I have a shaper and in all fairness I don’t use it much. When I do however the “night and day” comment above comes in. It just produces a better finished product, faster but I will say that in my opinion shapers are the most dangerous tool in most shops (that have one) and they deserve LOTS of respect and LOTS of planning of operations.

Not often necessary, expensive, dangerous, but the product they put out is just plain better. Just my opinion.

-- Paul M ..............If God wanted us to have fiberglass boats he would have given us fibreglass trees.

View TheFridge's profile


9608 posts in 1513 days

#11 posted 08-20-2015 11:50 PM

Better for production too

-- Shooting down the walls of heartache. Bang bang. I am. The warrior.

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Logan Windram

346 posts in 2489 days

#12 posted 08-21-2015 12:11 AM

The difference:

1. Larger bit that can take of material in 1 pass
2. Larger bits that can shape thicker faces, great of you do a lot of shaping after steam bending
3. Power feed- if you have a legit use, you can pop a power feed on a shaper and do large runs
4. I find you don’t have to worry about grain orientation with some of the helical shaper flush cutters… I say that with the idea of a big study jig being used and little material being taken off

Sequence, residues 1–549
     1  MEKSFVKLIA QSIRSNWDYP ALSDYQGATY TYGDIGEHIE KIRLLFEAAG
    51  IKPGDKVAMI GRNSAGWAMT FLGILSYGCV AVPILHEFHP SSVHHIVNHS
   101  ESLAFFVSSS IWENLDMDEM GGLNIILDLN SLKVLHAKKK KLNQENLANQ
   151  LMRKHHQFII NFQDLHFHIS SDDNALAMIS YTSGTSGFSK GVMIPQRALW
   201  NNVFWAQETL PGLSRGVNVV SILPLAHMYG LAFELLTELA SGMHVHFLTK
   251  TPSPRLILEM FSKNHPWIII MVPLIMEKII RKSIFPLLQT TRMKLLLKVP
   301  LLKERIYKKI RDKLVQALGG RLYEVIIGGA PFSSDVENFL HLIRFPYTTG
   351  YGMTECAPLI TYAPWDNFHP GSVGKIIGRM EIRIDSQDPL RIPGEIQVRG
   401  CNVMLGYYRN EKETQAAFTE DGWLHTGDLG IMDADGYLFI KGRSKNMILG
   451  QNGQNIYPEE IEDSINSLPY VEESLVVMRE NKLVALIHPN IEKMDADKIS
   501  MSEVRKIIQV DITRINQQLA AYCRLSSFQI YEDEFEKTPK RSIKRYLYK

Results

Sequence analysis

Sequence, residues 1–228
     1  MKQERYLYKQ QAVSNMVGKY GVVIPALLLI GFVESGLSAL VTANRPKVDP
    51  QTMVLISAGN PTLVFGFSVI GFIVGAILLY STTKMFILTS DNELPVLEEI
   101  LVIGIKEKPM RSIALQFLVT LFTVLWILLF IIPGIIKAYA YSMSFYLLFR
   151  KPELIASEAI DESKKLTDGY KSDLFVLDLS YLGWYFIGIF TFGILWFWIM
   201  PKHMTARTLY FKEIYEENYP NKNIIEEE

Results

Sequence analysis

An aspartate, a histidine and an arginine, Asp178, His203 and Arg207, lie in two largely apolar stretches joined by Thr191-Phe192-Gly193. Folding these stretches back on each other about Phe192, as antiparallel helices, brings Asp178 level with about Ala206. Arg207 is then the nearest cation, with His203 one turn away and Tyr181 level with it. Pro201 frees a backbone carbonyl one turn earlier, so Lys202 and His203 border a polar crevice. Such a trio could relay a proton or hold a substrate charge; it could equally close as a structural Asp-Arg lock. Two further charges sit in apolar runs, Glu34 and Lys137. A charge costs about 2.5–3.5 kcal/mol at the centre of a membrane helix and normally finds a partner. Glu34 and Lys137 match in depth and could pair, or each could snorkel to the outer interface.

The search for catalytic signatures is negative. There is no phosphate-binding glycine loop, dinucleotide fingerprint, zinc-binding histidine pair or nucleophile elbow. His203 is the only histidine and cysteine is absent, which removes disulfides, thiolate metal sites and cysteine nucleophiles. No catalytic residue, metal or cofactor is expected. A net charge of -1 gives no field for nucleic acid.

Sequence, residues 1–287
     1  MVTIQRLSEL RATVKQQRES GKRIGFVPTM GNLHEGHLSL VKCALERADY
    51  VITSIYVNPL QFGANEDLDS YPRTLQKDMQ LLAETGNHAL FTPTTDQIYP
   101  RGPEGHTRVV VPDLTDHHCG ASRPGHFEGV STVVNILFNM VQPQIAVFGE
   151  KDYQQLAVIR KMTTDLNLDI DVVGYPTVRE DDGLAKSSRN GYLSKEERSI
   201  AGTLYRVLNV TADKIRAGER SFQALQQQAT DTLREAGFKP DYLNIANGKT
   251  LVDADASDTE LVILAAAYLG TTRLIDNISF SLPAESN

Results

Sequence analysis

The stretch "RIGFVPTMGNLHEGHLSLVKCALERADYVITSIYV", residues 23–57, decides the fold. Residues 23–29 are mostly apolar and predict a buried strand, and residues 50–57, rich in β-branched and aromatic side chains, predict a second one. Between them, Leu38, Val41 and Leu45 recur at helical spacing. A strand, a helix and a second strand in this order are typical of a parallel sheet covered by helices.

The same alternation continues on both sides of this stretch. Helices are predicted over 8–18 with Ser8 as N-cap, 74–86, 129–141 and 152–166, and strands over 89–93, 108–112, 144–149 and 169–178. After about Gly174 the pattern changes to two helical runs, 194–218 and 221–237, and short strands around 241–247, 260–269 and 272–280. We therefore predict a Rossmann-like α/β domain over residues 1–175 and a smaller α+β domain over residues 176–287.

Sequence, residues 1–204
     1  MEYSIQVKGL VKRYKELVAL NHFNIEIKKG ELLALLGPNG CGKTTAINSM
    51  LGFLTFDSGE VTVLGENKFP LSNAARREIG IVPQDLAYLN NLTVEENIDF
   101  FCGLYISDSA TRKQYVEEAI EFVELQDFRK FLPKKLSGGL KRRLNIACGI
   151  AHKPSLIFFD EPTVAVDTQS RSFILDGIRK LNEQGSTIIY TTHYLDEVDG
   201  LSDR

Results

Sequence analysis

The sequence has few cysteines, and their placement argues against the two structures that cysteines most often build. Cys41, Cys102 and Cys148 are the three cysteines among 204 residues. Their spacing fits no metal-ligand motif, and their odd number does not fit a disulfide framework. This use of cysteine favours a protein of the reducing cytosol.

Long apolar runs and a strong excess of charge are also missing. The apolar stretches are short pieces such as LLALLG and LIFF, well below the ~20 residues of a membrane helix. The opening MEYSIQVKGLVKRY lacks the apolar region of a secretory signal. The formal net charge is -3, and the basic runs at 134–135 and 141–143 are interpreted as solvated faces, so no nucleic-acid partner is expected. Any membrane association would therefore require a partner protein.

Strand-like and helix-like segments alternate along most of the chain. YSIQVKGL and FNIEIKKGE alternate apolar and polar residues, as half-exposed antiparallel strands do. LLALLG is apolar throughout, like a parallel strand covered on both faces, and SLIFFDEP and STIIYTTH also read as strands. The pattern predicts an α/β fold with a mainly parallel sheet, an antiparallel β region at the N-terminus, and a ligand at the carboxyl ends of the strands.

5. Shapers can go clockwise and counterclockwise.. Make sure you know before you turn it on!
6. I build jigs for all shaper work to hold the pieces- the machine is just to powerful, and I want my hands up and away from trouble. Also those jigs need to be we’ll build with substantial thought into hold downs or compression fitting of pieces.
7. Citing 6, using a shaper tends to take more time to prepare for its use, but if you are shaping 100 chair legs, it makes sense- one chair, maybe not
8. Shapers are expensive and often require more hefty electrical access.
9. The shaper, to me, is the scariest machine I’ve ever used….. That big bit and spindle can take over pretty quick if you don’t know what your doing.
10. The shaper is also my favorite tool, it broads your capacity and cuts like butter compared to a howling router….

To you question, the shaper is to me, a luxury to have or production need machine. For a hobbyist who does not have to money or need, stick with a bulldog router and buy the best bits you can

View Woodmaster1's profile


984 posts in 2614 days

#13 posted 08-21-2015 12:43 AM

I think what you are using now is working just fine. The projects you have posted are really nice. Save your money and stick with the router table. If you plan to open a cabinet shop get the shaper.